Dr. Sunoor Verma
“To decipher complexity, explore the interphase.”
A strongly motivated international strategy expert with proven expertise in propelling programs and organizations through strategic planning, strategic communications, strategic partnerships and resource mobilization with global impact.
In ConversationQ 1. What is the highest pressure situation you faced and how did you handle it?
Trying to revive a heart with your bare hands at the end of a heart surgery is perhaps the highest pressure point that I have experienced, repeatedly. Any situation that requires triage within the context of time and resource limitations, creates pressure. Having to choose between a 3 year old girl with a shrapnel in her back and a pregnant mother to evacuate in the midst of the Kosovo refugee crisis of 1999 is another example of tough triage. I know of no other way than using scientific criteria for decision making, that would let me be at peace with myself. Establishing and using a transparent and evidence based algorithm of criteria has also helped me deliver strategic guidance to organisations in the public, private and civil society sector.
Q 2. What small stuff do you always sweat?
My father, an academician taught me early to go as close as possible to the original source of information when researching a problem. When conducting a mapping or evaluation or assessment for a program that is stuck in a ditch, I try to make sure that I have consulted with the most marginalised and invisible. Without fail, it is there that I have found that the answers to the puzzle lie. So the concern, ‘Did I find the most marginalised?’, ‘Did the counterpart understand my questions?’, ‘Did they really say what they thought?’ doesn’t easily leave me. The validity of the solutions that I implement for my clients depends on the quality of input from the stakeholders.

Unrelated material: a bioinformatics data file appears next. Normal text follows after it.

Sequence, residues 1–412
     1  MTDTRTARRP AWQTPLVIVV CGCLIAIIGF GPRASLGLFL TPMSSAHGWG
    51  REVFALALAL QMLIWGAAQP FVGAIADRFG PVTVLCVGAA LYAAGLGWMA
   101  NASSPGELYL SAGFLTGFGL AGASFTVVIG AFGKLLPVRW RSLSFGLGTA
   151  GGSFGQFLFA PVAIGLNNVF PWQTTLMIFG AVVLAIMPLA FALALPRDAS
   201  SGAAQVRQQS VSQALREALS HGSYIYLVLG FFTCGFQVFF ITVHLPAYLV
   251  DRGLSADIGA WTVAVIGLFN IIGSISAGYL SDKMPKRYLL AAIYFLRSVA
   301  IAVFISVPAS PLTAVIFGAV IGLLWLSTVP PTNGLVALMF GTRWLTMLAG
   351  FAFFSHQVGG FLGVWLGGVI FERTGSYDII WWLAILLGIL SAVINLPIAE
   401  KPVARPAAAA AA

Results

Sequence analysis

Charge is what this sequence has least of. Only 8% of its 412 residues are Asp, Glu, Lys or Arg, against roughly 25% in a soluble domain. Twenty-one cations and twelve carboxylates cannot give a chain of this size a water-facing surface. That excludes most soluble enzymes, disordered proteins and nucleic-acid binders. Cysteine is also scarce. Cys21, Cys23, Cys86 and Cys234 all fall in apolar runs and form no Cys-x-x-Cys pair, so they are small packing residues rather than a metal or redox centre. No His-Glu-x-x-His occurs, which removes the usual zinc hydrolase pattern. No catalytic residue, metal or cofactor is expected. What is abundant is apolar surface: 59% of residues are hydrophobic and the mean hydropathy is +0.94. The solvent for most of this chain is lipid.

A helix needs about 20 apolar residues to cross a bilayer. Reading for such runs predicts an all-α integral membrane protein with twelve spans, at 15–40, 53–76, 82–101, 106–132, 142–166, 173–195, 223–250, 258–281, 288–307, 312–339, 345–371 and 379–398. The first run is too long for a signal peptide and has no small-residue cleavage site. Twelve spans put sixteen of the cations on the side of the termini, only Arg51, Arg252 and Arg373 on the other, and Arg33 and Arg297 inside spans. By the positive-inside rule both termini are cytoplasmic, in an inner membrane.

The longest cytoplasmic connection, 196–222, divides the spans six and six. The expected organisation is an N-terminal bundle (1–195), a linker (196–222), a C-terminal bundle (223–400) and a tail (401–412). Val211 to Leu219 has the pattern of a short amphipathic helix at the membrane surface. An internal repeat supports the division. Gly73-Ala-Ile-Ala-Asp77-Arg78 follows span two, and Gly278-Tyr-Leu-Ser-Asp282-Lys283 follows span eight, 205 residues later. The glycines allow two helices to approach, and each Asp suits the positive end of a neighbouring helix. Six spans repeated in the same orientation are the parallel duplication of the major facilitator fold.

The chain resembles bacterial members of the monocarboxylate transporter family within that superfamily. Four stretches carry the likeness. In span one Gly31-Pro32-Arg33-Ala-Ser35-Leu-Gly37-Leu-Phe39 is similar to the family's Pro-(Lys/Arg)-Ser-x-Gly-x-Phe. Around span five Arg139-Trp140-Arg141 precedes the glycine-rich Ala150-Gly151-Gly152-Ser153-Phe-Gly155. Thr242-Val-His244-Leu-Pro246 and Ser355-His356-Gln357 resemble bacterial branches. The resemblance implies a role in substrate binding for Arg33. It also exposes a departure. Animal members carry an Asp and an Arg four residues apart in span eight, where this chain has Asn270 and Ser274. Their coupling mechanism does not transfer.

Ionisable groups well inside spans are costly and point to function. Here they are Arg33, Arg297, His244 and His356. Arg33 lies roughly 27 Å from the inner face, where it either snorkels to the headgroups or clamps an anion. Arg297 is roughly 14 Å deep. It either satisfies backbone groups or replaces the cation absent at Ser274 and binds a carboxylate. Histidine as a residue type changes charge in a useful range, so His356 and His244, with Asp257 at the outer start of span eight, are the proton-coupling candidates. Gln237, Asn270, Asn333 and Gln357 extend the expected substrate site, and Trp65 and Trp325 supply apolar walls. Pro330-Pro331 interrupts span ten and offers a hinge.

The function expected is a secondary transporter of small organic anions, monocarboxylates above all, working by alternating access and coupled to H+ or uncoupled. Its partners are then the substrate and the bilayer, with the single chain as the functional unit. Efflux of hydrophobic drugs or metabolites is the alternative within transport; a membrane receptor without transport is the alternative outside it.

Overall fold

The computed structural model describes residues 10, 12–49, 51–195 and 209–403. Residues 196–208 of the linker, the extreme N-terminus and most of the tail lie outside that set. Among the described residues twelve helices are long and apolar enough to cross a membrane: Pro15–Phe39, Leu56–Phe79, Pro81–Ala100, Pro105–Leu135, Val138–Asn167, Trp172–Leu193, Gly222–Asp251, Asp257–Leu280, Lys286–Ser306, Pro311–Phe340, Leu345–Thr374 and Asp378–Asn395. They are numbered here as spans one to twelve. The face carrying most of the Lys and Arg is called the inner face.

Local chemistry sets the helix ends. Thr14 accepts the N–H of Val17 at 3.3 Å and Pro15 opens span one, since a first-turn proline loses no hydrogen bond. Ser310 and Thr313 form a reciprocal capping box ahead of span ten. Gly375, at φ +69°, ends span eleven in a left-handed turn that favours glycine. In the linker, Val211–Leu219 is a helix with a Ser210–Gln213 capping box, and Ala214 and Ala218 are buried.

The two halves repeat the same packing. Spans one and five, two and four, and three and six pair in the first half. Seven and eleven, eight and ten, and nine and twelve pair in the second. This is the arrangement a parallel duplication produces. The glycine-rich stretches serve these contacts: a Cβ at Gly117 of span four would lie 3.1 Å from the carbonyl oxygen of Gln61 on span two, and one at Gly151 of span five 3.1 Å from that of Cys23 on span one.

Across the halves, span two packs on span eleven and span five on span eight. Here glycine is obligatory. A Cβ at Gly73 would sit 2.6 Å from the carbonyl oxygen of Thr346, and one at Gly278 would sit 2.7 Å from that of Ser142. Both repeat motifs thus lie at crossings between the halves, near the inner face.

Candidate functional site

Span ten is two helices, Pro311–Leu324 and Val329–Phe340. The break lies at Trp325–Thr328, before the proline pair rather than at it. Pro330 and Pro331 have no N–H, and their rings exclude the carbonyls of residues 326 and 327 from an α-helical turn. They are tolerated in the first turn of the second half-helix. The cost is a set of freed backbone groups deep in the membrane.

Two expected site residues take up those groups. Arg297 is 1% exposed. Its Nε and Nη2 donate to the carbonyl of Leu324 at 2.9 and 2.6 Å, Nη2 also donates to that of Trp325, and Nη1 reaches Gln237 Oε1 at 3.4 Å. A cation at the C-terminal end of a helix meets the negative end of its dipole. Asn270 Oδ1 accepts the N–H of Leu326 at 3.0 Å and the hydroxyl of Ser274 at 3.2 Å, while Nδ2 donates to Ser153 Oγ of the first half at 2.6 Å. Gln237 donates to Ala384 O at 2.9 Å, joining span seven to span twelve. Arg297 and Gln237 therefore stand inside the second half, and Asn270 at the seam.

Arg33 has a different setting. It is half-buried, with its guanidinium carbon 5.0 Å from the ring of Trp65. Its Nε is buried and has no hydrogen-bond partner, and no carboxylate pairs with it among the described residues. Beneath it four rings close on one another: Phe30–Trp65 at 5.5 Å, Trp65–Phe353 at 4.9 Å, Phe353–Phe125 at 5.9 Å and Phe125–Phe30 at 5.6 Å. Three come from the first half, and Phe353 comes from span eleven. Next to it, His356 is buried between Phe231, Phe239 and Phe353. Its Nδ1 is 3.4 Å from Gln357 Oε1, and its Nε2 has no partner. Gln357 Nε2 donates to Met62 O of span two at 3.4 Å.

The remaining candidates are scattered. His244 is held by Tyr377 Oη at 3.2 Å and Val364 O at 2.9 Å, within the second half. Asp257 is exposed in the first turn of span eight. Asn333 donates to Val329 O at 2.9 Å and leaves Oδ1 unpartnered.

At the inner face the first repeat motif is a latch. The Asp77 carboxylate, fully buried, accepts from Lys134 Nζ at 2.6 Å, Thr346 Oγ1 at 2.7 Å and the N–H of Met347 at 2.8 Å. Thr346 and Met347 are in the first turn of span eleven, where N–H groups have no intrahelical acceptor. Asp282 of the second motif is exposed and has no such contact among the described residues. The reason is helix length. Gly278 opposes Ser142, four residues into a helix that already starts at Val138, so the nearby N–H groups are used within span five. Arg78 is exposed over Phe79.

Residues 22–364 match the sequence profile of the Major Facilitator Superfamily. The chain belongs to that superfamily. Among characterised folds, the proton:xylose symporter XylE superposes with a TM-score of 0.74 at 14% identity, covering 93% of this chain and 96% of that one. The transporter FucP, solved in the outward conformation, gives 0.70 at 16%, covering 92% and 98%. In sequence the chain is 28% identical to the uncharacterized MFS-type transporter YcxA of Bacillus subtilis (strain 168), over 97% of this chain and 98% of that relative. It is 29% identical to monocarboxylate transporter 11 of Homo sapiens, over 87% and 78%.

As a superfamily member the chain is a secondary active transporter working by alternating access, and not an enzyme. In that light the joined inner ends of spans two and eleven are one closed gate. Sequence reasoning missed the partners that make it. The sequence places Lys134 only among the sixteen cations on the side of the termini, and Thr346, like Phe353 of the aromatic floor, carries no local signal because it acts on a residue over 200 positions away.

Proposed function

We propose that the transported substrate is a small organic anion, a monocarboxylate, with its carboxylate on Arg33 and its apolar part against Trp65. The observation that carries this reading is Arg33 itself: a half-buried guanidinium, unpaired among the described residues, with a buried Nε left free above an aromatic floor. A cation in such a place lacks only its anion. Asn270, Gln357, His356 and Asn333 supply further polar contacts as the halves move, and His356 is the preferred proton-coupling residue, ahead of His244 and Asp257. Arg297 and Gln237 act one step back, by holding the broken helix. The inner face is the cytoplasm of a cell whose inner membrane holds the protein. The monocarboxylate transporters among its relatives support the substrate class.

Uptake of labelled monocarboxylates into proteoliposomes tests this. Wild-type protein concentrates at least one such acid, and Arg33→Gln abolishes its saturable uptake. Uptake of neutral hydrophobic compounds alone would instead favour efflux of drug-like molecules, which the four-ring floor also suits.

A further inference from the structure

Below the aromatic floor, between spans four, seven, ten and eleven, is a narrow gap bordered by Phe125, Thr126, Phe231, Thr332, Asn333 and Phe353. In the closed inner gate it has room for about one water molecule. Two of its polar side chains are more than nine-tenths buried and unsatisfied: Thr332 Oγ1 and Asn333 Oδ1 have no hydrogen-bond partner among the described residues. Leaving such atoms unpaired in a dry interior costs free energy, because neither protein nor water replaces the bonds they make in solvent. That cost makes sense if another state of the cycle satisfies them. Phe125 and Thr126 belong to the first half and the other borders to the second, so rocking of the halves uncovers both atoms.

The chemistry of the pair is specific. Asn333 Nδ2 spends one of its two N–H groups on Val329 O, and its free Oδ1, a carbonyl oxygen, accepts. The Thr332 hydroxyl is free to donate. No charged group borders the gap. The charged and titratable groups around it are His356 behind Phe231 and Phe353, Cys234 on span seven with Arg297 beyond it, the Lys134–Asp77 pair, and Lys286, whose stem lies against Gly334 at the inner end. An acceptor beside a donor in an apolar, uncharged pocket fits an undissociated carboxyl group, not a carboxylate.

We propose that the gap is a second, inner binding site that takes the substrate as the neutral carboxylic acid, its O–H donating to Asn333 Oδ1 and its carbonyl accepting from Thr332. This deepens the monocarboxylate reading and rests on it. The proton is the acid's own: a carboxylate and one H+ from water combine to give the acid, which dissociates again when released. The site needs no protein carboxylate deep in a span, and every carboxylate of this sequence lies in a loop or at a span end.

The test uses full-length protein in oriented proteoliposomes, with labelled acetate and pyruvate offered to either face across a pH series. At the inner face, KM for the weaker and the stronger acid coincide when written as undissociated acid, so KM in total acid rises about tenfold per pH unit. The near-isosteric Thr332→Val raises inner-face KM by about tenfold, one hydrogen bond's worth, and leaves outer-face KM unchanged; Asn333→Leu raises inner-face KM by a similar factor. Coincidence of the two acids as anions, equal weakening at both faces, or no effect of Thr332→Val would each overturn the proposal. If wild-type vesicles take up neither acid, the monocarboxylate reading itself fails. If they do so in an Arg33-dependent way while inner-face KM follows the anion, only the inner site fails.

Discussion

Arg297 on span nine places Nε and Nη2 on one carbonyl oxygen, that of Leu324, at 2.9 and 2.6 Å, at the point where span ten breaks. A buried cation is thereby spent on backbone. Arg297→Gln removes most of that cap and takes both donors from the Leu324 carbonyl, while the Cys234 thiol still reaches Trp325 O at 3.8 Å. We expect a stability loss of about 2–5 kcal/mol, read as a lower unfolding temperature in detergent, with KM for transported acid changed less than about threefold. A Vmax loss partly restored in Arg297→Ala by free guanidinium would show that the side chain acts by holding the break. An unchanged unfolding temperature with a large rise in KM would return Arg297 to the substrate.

Q 3. As someone who has guided many international organisations into forming win-win partnerships, what are the top three mantras you would be willing to share about the ‘Art of building strategic partnerships’?
At an early age I was intrigued by the Indian system of arranged marriages. I studied it carefully- academically and empirically. I have since applied many of the lessons learnt from this ancient system to helping organisations in building symbiotic and smart partnerships. My top three mantras would be:
1. Do first hand, thorough and unbiased background research on the potential partners using as many diverse sources as possible.
2. Create effective channels of dialogue between partners with crystal clear rules of engagement.
3. Regularly conduct joint progress evaluations and keep on finetuning your strategic objectives.
Q 4. What exactly excites you about helping organisations and individuals move into philanthropy?
In my previous avatar as a surgeon I saw immense sadness in terminal patients, who felt that they had missed out on establishing a legacy of their own. When I collaborate with individuals and organisations and guide them to philanthropic endeavours, I am essentially helping them establish their legacy. My deep knowledge and more than 20 years of inter-disciplinary and international experience comes in handy in exploring what niche area of philanthropy might work best for a client. Connecting wealth to an idea that would outlive one’s mortal existence is a gift that keeps giving. My family and I also practice philanthropy and this makes me not just a ‘preacher’ but also a practitioner.
Q 5. What do you believe is the single most important quality that helped you succeed?
Being a practicing feminist is the single most important quality that has helped me truly appreciate life. My values transcend professional and private life, and internalising in early childhood that in fact women are the stronger gender has helped me lead a much more meaningful life. In every initiative that I have led, women have been the leading force across strata. At home is no different. Unlocking the potential of women in all spheres of society is imperative for the wellbeing of human race.